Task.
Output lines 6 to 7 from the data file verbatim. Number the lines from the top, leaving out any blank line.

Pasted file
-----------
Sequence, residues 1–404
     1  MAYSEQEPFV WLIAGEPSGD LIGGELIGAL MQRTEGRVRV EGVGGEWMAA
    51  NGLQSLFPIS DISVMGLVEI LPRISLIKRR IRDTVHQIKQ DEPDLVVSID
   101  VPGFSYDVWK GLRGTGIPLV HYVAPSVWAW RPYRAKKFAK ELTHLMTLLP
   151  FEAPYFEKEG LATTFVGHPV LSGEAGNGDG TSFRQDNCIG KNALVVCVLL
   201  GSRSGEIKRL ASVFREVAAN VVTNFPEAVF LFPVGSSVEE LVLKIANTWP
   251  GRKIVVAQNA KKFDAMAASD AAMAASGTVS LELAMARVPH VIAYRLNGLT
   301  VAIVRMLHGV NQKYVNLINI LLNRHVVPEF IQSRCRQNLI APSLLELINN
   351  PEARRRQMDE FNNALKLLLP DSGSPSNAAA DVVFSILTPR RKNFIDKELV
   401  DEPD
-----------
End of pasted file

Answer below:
   201  GSRSGEIKRL ASVFREVAAN VVTNFPEAVF LFPVGSSVEE LVLKIANTWP
   251  GRKIVVAQNA KKFDAMAASD AAMAASGTVS LELAMARVPH VIAYRLNGLT